Pocahontas Reframed Storytellers Film Festival (King William/Richmond): $10,000
The fourth annual “Pocahontas Reframed” Film Festival, an exploration and celebration of Native American filmmaking that is currently the only Native American film festival on the east coast.

Prio Bangla, Inc. (Arlington): $8,000
An 80-page print and online publication exploring the “American Dream” and its meaning through interviews with first-generation (mostly younger) immigrants and refugees in Virginia.

Regents of the University of Minnesota (Minneapolis, MN/State &Nationwide): $14,000
Development of a 25-minute audio podcast, a “toolkit” for listeners, and a series of public events exploring the history of transgender activism in the U.S. with a particular focus on Virginia.

Richmond Hill (Richmond): $8,000
A series of community conversations, development of a website, and a companion booklet exploring the history and stories of enslavement at Richmond Hill, currently an ecumenical residential and retreat center and site of a former monastery. 

Richmond Hill (Richmond): $3,000
A panel discussion and a public lecture exploring aspects of the history of enslavement at Richmond Hill and in the City of Richmond.    

Scrabble School Preservation Foundation (Castleton): $10,000
Research and oral history interviews leading to a film on Rosenwald education in Rappahannock, Culpeper, and Warren Counties.

St. John’s Church Foundation (Richmond): $1,400
The first virtual re-enactment of Patrick Henry’s famous “Give me liberty or give me death” speech, using an all-female cast.

The Friends of the Buchanan County Public Library (Grundy): $5,500
A fourteen-part library-based speakers’ series with an emphasis on literature produced by Appalachian writers.

Thomas Day House/Union Tavern (Milton): $3,000
A series of dramatic performances of an original play, to be recorded and disseminated electronically, depicting the imagined interactions of seven historical figures from the Danville region.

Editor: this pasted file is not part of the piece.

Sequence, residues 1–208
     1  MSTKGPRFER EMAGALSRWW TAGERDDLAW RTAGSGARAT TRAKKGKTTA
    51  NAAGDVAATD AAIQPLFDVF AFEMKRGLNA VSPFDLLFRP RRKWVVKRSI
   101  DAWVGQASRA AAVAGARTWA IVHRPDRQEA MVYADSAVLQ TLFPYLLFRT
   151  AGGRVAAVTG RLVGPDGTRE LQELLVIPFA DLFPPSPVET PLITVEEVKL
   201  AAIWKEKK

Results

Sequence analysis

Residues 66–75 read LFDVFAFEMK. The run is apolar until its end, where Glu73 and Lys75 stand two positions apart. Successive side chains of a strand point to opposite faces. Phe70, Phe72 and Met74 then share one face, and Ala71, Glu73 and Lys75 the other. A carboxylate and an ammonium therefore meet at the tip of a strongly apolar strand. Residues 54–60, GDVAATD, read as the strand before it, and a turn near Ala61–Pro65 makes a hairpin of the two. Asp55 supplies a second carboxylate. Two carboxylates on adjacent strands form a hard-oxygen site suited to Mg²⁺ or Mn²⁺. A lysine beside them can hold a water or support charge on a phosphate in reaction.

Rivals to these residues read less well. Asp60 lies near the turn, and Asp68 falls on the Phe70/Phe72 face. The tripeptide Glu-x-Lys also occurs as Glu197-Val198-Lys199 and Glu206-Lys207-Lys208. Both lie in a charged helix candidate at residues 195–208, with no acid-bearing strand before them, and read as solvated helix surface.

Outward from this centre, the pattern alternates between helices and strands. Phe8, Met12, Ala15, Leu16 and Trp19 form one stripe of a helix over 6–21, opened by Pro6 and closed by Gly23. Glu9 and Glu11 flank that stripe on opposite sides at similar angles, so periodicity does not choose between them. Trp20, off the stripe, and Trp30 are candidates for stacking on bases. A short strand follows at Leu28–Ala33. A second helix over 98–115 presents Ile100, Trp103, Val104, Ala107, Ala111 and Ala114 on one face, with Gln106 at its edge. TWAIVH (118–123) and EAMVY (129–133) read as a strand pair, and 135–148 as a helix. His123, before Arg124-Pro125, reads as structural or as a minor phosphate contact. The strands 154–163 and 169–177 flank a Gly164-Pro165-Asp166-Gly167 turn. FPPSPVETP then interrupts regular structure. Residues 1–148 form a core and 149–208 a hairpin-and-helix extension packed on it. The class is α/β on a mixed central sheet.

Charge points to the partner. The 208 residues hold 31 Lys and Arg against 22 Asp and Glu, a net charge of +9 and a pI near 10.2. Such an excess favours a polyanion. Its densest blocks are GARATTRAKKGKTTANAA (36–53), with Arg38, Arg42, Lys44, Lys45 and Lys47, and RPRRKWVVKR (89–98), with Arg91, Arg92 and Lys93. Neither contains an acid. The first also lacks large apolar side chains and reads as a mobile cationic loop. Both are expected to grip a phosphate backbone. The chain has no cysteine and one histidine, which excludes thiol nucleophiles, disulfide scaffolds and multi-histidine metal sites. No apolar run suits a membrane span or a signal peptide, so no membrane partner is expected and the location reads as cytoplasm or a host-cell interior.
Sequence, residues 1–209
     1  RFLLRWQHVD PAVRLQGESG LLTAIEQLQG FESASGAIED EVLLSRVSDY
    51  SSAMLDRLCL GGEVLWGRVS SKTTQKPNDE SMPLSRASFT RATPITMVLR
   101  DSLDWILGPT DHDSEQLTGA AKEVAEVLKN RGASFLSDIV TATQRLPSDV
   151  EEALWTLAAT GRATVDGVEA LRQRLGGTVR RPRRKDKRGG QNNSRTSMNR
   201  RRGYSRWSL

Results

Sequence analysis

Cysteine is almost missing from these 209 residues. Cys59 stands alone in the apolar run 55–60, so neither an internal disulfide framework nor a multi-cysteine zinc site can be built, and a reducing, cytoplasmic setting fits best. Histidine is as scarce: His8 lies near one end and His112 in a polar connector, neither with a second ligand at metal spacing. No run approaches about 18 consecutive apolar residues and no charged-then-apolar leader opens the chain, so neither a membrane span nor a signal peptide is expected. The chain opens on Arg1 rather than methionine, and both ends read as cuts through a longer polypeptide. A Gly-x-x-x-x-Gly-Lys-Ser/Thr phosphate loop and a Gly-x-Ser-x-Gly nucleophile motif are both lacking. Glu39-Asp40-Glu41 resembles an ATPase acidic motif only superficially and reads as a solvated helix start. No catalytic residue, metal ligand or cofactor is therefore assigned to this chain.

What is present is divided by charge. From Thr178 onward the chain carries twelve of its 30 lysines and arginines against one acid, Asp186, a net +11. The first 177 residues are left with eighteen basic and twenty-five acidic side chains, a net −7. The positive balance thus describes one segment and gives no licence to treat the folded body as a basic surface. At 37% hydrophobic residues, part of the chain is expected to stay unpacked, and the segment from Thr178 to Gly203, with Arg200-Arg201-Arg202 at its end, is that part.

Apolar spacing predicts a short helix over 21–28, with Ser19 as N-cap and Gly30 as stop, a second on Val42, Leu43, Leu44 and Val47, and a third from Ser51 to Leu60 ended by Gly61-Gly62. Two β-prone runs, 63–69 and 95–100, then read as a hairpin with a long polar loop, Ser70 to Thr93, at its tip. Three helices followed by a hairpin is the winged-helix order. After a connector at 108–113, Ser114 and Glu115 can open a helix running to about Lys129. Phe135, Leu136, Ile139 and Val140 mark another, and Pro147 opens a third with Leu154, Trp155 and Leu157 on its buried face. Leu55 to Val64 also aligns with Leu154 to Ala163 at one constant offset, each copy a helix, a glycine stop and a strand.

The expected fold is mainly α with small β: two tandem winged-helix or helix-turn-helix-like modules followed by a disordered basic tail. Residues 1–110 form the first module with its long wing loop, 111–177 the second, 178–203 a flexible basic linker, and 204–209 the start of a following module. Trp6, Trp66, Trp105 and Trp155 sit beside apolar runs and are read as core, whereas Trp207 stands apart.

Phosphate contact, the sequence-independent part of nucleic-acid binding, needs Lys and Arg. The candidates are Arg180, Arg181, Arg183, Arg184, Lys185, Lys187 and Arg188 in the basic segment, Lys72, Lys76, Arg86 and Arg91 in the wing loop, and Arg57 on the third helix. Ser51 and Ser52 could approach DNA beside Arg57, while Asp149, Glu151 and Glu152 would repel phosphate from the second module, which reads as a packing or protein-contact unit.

Virginia Center for Inclusive Communities (Richmond): $2,100
Development of an online “toolkit” designed to help students, teachers, and other users turn a potentially divisive 2020 Election season into opportunities for constructive dialogue.

Virginia Symphony Orchestra (Norfolk): $3,000
Research and production of a portable exhibit on the history of the Virginia Symphony Orchestra and its role in the cultural renaissance of Norfolk, developed in conjunction with a commemorative publication on the same subject.

Virginia Tech Foundation (Blacksburg/Rappahannock Co.): $8,000
The second annual John Jackson Blues Festival in Rappahannock, celebrating the life and musical legacy of one of the acknowledged masters of the Piedmont Blues Tradition who was born and lived most of his life in Rappahannock County.


Photos clockwise from top-left: A butler, portrayed by costumed interpreter Jude Harris, takes a quiet moment of respite in the Maymont Mansion kitchen, courtesy Maymont Mansion; Miss Virginia Estelle Randolph (1870-1958); Educator, and first countywide Jeanes Supervising Industrial Teacher in America, will be the subject of new documentary thanks to a grant to the Black History Museum & Cultural Center of Virginia. – Photo courtesy of the Virginia Randolph Museum; Floyd Creative Studios; Prio Bangla Festival, courtesy Lloyd Wolf;


Vanessa Adkins, right, is apprenticing under her cousin Jessica Canaday Stewart learning the finer points of traditional Chickahominy dancing. Photos taken at the Fall Festival and Pow Wow in Charles City on Saturday, Sept. 22, 2012.